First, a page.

Why?, despite all the noise that the insurance industry is making over the reduction in the target rate of return for crop insurance companies, the rate of return has only an indirect bearing on how much money crop insurance companies make. First, it is important to clarify that the target rate of return is just that, a target; it is not a cap. In 2009, for example, the reasonable rate of return was 10.7 percent – but actual rate of return for crop insurance companies was 26.4 percent. In 2007, the reasonable rate was 11.7 percent, but the companies return rate was 26.3 percent and in 2010, the actual rate of return was 32 percent! See this chart for a comparison of the target rate of return to the actual rate of return between 1990 and 2009.
In 2012, with a 14 percent target rate of return, the insurance companies lost money due to severe drought and big payouts. In short, the target rate is important as a guide, and, for better or for worse, is important for budgetary scoring reasons, but has little impact on how much money the insurance companies actually make. That being said, there are nonetheless other ways of improving the crop insurance system at lower cost than a sole focus on target rates of return.
Additionally, all the major spending titles of the farm bill took major cuts in the writing of the 2014 Farm Bill with the sole exception of the crop insurance title, which actually received a nearly $6 billion increase. The bill as a whole, counting annual automatic budget cuts known as sequestration (which affect all other farm bill agricultural titles but have no effect at all on crop insurance subsidies), saved a net $23 billion, meaning the other titles had to cover not only that $23 billion but also the $6 billion increase for crop insurance subsidies. With crop insurance subsidies now accounting for nearly half of total farm bill agriculture spending, it by necessity if nothing else needs to be part of the answer.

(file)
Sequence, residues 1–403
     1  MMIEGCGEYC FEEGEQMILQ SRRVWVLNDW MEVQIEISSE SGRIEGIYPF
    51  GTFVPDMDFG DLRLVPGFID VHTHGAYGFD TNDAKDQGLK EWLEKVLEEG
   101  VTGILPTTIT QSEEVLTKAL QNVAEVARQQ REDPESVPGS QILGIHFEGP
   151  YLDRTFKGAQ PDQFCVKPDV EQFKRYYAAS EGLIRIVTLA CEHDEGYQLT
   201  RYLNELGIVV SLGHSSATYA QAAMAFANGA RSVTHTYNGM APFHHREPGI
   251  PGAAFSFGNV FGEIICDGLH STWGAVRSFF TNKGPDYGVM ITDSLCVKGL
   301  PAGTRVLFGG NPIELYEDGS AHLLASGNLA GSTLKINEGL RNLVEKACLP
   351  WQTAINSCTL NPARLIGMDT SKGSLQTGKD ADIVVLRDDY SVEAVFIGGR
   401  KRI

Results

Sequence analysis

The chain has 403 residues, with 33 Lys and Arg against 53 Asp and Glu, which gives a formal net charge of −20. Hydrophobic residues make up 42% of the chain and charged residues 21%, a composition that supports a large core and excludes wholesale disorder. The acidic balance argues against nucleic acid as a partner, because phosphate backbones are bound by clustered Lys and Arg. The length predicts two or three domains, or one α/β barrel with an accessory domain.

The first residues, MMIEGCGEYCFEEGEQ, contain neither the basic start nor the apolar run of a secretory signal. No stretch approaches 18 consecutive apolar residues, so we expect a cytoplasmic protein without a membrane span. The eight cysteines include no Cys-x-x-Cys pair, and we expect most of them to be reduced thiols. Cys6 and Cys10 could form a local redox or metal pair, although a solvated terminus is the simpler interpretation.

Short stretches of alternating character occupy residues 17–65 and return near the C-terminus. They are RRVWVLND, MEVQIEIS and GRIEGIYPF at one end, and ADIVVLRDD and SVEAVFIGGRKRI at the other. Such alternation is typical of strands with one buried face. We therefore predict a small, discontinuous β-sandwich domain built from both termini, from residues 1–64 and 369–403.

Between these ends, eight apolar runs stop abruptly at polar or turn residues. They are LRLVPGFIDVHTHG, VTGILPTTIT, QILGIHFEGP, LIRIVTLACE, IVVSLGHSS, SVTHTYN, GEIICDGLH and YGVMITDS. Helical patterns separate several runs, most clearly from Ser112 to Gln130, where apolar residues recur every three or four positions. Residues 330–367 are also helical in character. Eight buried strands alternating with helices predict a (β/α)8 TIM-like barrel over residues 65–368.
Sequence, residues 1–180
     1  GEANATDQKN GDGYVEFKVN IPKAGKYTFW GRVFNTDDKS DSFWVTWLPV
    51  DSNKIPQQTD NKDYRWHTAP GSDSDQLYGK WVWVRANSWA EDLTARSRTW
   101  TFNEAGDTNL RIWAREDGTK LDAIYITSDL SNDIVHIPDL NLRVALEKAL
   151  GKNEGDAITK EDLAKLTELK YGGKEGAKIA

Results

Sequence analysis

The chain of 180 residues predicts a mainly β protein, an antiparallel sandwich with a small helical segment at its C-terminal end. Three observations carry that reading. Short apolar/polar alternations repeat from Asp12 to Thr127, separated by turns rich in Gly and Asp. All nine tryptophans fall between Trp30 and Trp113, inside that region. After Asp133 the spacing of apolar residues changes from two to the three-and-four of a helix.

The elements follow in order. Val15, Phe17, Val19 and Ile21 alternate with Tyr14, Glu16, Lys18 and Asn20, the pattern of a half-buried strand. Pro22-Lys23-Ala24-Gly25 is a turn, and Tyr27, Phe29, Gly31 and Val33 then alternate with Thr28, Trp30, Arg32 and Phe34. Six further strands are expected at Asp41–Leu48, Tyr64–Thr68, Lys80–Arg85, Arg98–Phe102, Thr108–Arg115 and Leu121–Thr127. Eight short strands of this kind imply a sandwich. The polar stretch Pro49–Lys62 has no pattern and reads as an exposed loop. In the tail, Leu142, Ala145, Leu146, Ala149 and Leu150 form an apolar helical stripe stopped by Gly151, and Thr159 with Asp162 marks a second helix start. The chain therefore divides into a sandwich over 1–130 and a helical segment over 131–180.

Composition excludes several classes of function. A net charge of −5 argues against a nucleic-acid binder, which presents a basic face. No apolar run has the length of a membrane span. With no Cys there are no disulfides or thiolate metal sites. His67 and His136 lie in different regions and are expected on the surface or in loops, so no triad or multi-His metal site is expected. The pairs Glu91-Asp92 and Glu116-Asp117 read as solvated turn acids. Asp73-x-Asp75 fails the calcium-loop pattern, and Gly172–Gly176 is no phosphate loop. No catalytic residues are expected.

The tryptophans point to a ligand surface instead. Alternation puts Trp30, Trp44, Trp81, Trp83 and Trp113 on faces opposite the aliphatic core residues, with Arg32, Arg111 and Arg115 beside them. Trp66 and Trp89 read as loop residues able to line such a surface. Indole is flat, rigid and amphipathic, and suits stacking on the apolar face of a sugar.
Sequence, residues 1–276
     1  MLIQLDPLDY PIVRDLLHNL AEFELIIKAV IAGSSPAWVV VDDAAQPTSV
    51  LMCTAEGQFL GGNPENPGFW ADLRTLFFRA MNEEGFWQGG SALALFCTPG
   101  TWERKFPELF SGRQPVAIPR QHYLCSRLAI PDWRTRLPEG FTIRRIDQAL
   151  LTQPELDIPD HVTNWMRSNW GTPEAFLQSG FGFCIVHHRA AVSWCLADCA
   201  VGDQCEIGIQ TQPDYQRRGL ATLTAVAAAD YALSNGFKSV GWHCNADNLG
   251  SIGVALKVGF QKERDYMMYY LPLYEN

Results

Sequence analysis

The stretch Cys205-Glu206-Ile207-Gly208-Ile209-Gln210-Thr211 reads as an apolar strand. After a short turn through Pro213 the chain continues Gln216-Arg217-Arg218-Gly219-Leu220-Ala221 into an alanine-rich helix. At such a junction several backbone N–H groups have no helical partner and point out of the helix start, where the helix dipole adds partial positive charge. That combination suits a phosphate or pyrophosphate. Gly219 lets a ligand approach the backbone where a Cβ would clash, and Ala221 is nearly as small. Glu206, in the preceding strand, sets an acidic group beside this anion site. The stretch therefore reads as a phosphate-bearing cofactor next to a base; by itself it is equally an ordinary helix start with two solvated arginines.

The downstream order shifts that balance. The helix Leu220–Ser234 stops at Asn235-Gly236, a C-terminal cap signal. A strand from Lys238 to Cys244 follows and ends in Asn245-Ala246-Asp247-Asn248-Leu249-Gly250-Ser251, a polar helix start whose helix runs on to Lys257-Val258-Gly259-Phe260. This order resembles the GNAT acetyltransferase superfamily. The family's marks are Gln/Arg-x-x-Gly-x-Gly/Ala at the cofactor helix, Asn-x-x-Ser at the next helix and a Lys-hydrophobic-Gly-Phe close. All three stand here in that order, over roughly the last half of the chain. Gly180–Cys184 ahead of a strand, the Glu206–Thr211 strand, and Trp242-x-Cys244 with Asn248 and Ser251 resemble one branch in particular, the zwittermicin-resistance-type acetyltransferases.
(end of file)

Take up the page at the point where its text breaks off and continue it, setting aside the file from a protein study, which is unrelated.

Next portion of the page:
The Road Ahead
Reversing the reforms agreed to in the budget deal would cost slightly over $3 billion. If the reforms are to be reversed in an omnibus appropriations package later this year, Congress will need to come up with a $3 billion offset. If they can do that through tax expenditure or direct spending reductions outside of the farm bill, more power to them. If not, our view is clear: there are positive reforms that can be made in the crop insurance subsidy arena that will benefit family farms and the environment that should be pursued if in the final analysis agriculture must pay for the cut. Equally clear, NSAC and our partners across the country will vigorously oppose any attempt to target SNAP, conservation, renewable energy, or specialty crops to foot the bill for nullifying the crop insurance reforms agreed to by the House and Senate this week in the budget deal.